If you are trying to make money from a website, search engine optimization (SEO) is a matter of vital concern. An enormous amount of web traffic arises from somebody, somewhere in the world throwing a search query into Google or Bing or Yahoo (but really Google) and then picking from among the results that appear.
This is perhaps an unprecedented situation in human history, because now website developers have an overwhelming incentive to produce pages that appear high in the rankings of popular search engines, when people put popular queries into them. As a result, these website creators are no longer just producing content designed to appeal to human beings – it also needs to stand out as special to the mathematical algorithms that drive the world’s search engines.
For the most part, I would say this is a bad thing. Algorithms can deal with fantastically more data than a person ever could. Google crawls through an impossible number of blog posts every day. At the same time, people are much more clever when it comes to telling a good site from a bad site. They rely on cues that it is very hard to teach algorithms to respond to.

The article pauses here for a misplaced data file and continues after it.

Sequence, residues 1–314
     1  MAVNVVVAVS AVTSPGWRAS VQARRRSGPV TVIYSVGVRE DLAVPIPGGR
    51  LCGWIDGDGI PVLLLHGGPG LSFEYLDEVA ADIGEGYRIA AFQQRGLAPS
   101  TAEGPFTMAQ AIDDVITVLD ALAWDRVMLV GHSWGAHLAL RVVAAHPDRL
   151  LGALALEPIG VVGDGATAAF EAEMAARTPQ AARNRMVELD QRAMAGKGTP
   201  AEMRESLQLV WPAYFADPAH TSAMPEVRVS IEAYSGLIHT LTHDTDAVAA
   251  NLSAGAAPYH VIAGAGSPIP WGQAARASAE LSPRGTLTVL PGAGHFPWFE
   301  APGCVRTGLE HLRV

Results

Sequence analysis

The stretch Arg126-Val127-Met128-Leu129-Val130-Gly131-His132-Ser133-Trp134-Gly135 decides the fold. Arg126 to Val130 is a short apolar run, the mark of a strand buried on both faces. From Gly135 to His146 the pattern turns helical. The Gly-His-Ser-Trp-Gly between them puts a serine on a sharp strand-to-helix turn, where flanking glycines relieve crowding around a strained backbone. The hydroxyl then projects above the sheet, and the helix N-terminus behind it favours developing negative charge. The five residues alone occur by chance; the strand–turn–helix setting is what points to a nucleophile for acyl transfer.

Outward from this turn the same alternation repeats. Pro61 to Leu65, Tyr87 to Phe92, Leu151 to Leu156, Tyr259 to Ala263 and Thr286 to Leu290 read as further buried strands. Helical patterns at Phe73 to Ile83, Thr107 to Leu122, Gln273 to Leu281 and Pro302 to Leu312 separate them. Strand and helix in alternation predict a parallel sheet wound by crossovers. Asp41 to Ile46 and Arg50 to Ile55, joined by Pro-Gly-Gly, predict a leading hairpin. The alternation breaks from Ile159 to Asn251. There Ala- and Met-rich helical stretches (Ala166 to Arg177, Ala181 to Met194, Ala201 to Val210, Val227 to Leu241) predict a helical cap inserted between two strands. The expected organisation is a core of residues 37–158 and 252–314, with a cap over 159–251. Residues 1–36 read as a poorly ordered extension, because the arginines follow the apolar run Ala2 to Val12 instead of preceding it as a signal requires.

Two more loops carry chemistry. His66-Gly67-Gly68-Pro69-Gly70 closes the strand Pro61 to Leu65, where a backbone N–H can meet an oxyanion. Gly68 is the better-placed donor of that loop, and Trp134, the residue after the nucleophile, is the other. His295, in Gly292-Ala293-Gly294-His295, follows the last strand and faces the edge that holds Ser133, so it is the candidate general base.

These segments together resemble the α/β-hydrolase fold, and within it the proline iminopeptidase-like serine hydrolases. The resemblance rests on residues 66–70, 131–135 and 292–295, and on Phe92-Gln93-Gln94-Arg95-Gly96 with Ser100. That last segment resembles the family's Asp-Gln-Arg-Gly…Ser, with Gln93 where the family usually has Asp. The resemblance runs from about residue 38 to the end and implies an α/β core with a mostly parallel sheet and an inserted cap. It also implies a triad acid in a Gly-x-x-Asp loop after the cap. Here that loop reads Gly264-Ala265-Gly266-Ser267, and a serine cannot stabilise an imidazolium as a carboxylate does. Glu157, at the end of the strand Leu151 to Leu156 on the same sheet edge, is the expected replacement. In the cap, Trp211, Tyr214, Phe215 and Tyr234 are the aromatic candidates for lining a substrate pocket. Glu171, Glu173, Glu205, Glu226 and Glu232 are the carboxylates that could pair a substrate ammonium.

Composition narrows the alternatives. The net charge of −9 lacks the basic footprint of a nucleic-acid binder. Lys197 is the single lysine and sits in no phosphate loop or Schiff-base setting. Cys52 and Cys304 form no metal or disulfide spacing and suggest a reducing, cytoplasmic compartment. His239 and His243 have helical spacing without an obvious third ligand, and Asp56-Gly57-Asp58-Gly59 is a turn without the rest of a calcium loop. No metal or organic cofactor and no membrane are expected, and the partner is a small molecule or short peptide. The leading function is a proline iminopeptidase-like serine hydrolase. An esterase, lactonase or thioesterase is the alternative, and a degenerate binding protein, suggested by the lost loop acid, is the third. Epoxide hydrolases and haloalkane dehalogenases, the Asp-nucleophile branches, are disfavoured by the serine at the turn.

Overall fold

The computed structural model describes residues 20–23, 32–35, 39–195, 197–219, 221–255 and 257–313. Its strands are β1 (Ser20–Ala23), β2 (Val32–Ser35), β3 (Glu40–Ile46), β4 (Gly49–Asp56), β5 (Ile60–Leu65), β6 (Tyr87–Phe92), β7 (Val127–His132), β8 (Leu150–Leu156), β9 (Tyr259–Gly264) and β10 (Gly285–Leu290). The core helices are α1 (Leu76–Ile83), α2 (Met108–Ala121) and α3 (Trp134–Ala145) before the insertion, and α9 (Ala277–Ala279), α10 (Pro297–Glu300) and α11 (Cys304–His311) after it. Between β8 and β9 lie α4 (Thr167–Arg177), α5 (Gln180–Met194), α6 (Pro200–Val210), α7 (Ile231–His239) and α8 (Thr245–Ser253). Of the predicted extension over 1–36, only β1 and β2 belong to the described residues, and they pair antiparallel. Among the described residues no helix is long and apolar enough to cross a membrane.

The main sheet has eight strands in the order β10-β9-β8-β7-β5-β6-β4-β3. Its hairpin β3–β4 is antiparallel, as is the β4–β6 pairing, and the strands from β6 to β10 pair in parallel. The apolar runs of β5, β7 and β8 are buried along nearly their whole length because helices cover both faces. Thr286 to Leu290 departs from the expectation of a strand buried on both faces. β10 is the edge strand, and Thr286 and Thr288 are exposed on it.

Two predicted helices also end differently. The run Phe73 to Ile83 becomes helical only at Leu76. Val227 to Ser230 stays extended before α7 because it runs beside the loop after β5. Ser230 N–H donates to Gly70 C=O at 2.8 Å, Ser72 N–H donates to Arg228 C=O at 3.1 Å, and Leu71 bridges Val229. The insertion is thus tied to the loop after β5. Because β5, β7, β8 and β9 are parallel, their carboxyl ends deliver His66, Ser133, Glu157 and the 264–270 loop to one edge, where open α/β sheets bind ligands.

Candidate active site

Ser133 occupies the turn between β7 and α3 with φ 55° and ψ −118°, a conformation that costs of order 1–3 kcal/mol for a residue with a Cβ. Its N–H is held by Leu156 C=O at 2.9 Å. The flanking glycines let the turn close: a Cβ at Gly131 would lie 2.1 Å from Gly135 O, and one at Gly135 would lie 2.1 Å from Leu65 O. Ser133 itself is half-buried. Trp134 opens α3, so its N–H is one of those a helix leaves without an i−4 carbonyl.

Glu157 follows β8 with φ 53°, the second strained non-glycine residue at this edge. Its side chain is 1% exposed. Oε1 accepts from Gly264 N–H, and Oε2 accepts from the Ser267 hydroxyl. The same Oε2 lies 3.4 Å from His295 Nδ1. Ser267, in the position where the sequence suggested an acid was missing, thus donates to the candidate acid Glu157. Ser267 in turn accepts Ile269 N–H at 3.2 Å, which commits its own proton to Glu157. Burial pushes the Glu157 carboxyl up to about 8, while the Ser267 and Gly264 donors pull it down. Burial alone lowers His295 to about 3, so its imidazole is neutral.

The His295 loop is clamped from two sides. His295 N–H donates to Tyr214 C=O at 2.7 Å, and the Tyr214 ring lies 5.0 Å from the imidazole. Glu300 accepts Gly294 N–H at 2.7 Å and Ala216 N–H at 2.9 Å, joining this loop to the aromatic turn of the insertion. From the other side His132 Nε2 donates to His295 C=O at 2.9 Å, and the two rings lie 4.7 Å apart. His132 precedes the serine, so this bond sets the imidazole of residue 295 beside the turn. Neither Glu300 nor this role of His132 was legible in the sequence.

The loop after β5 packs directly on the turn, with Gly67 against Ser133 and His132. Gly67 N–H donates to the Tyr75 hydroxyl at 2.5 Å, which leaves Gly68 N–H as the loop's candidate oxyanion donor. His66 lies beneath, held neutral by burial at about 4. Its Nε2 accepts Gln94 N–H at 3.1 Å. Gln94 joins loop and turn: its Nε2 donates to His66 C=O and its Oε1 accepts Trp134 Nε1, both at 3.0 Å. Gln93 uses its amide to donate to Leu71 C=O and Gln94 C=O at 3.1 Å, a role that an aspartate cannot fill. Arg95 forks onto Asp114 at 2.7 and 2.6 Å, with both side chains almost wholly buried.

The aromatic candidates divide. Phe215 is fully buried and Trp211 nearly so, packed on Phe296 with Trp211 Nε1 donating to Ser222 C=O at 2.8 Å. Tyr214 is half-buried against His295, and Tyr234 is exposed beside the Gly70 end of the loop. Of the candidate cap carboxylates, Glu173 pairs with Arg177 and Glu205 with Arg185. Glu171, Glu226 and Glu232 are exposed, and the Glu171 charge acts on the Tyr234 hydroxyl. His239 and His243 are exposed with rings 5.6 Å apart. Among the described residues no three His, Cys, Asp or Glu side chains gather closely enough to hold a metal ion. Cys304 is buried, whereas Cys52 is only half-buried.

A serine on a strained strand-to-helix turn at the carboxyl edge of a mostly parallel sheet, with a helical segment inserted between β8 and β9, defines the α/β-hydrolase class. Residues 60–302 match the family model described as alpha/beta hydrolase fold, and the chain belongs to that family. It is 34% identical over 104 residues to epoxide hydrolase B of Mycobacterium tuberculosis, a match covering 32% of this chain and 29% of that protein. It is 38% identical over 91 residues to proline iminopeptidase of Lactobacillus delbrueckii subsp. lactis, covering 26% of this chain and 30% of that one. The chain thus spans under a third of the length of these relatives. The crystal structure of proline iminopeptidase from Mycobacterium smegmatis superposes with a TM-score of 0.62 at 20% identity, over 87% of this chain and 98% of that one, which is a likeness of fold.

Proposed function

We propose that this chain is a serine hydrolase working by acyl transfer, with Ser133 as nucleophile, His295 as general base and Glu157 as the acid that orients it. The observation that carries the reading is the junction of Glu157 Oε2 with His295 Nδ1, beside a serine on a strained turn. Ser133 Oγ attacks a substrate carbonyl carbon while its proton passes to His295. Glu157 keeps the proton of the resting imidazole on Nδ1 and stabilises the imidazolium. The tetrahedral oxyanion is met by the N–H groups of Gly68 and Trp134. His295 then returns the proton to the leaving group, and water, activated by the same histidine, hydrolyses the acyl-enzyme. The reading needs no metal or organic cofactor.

Certainly, the world is much better off as the result of the existence of powerful search engines. That said, I hope that SEO proves to be a dying industry in the long term, as search engines begin to more closely approximate the behaviours and reactions of real human beings. When that happens, web designers and content producers may start optimizing their work for its human consumers, rather than for the robots that are often the intermediary between humans with a desire for certain kinds of information and the humans who can actually provide it.
(Full disclosure: This site does earn money from advertising, but so far that has very much been a matter of paying the cost of web hosting. In terms of income per hour of work, I would be enormously better off working any minimum wage job.)